Sunday, November 30, 2008

Parallel building the CDK

Some time ago, I added parallel building targets for CDK's Ant build.xml. Now that I am setting up a Nightly for the jchempaint-primary branch, and really only want to report on the CDK modules control and render, I need the build system to use a properties files to define which modules should be compiled.

So, I hacked a bit on the build system, and made use of two ant-contrib tasks, if and foreach which in the first place reduce the size of the build.xml, but also provide means for parallelization. Earlier, it was using the parallel task of Ant itself for this (see CDK Module dependencies #2).

The build dependencies between CDK modules are fairly complex, and typically this complexity increases upon bug fixing etc. Ideally, the build dependencies will be calculated on runtime, instead of being hard-coded right now, and I will explore this in the near future.

These dependencies can be used to build some of the module in parallel, but not all. This causes speed up of the compilation not to scale linearly with the number of threads or cores. The below build times are calculated for three replicates, on a four core machine:

Going from one to two threads certainly pays of, but going to 4 shows only a three second speed up. The four processor cores were not utilized 100%, so I also attempted 2 threads core, but that showed zero improvement.

Monday, November 24, 2008

Software is a Method (Meme)

  1. it provides a recipe to approach (scientific) questions

  2. let's you cook up a (scientific) answer

  3. you can use it as a black box (like an orbitrap)

  4. you can refine existing methods (well, some can, others don't)

  5. it has an error (but I do not believe it is normally distributed)

Now, to me it's trivial to work put how Open Source supports this.

Thursday, November 20, 2008

Scripting JChemPaint

Today and tomorrow, Stefan, Gilleain, Arvid and I are having a JChemPaint Developers Workshop in Uppsala, to sprint the development of JChemPaint3, for which Niels layed out the foundation already a long time ago.

Gilleain and Arvid are merging their branches into a single code base, while Stefan is working on the Swing application and applet. The Bioclipse SWT-based widget is being developed for Bioclipse2.

The new design separates widget/graphics toolkit specifics from the chemical drawing and editing logic. Regarding the editing functionality, this basically comes down to have a semantically meaningful edit API. This allows us to convert both Swing and SWT mouse events into things like addAtom("C", atom), which would add a carbon to an already existing atom. However, without too much phantasy, it allows adding a scripting language. This is what I have been working on. Right now, the following API is available from the Bioclipse2 JavaScript console (via the jcp namespace, in random order):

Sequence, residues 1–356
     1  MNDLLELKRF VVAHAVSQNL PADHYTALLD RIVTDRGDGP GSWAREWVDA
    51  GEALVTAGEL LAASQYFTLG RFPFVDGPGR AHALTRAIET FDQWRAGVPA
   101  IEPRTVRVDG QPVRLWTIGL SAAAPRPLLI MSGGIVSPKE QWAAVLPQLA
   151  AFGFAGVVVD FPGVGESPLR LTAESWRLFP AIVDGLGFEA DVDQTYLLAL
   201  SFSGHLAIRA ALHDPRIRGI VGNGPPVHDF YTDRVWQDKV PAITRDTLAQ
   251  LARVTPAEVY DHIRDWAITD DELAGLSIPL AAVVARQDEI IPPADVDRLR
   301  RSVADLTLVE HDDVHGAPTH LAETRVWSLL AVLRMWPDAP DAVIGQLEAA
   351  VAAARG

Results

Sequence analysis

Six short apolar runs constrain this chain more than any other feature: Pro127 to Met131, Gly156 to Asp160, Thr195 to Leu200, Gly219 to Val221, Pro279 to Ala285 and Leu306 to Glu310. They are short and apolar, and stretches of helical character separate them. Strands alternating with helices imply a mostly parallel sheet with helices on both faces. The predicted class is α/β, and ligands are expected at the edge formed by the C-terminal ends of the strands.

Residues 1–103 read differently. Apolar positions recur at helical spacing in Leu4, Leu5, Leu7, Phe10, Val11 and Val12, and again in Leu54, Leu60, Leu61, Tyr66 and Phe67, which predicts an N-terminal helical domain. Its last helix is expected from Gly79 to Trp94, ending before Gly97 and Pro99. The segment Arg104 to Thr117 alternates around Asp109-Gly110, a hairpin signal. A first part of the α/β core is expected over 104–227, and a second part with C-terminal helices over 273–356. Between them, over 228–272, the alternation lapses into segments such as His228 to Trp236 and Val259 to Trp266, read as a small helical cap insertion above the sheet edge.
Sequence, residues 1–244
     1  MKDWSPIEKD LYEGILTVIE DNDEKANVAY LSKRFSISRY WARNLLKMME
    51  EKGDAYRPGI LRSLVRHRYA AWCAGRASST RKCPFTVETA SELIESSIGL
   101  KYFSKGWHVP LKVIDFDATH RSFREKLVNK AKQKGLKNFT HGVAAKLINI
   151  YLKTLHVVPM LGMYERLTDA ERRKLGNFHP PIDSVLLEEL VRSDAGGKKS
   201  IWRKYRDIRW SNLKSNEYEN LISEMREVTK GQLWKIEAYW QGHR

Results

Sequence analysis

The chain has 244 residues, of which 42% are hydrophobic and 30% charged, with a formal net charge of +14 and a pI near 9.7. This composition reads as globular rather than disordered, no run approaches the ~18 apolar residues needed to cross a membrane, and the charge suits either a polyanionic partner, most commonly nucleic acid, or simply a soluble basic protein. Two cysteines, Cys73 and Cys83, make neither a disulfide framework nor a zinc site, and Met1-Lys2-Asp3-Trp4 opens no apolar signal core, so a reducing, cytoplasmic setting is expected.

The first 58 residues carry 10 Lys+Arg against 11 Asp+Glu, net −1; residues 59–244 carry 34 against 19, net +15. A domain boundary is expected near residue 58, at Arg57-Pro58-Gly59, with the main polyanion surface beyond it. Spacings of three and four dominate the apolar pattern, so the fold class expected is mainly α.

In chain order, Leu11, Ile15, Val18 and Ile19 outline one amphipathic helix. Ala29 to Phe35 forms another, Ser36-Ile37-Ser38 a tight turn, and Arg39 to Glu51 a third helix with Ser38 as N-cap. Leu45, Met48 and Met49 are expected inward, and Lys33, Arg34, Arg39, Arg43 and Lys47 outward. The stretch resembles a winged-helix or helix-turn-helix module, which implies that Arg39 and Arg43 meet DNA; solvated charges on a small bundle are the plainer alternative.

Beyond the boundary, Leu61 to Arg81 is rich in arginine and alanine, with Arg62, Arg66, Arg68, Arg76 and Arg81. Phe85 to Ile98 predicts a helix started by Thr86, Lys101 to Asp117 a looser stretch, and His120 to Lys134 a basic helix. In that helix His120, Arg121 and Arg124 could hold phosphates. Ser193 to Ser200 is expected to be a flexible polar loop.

• ICDKMolecule jcp.getModel()
  • IAtom getClosestAtom(Point2d)
  • setModel(ICDKMolecule) (for really fancy things)
  • removeAtom(IAtom)
  • IBond getClosestBond(Point2d)
  • updateView() (all edit command issue this automatically)
  • addAtom(String,Point2d)
  • addAtom(String,IAtom) (which works out coordinates automatically)
  • Point2d newPoint2d(double,double)
  • updateImplicitHydrogenCounts()
  • moveTo(IAtom, Point2d)
  • setSymbol(IAtom,String)
  • setCharge(IAtom,int)
  • setMassNumber(IAtom,int)
  • addBond(IAtom,IAtom)
  • moveTo(IBond,Point2d)
  • setOrder(IBond,IBond.Order)
  • setWedgeType(IBond,int)
  • IBond.Order getOrder(int)
  • zap() (sort of sudo rm -Rf /*)
  • cleanup() (calculate 2D coordinates from scratch)
  • addRing(IAtom,int)
  • addPhenyl(IAtom)
This API (many more method will follow) is not really aimed at the end user, who will simply point and click. The goal of this scripting language is, at least at this moment, to test the underlying implementation using Bioclipse. Future applications, however, may include simple scripts which use some logic to convert the editor content. For example, replacing a t-butyl fragment into a pseudo atom "t-Bu". The key thing to remember, is that this will allow Bioclipse to have non-CDK-based programs act on the JChemPaint editor content (e.g. using getModel() and setModel(ICDKMolecule)). More on that later.

A simple script could look like: Or, as screenshot:

Tuesday, November 18, 2008

Solubility Data in Bioclipse #1

I am working on converting Jean-Claude's Solubility data to RDF (after Pierre's model, see here, here, and here, here for first data exploration), so that I can integrate it with data from DBPedia, Freebase,, etc. Bioclipse will be the workbench in which this will be visualized, and just got graph depiction online using Zest. The screenshot does not show the RDF yet, but that will follow soon: